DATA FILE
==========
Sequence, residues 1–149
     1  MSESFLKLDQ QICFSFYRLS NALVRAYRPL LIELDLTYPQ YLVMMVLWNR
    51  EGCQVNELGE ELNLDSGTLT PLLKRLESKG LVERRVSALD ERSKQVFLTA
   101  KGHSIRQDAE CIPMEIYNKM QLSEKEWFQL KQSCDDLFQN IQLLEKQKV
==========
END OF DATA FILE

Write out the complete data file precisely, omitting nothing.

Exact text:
Sequence, residues 1–149
     1  MSESFLKLDQ QICFSFYRLS NALVRAYRPL LIELDLTYPQ YLVMMVLWNR
    51  EGCQVNELGE ELNLDSGTLT PLLKRLESKG LVERRVSALD ERSKQVFLTA
   101  KGHSIRQDAE CIPMEIYNKM QLSEKEWFQL KQSCDDLFQN IQLLEKQKV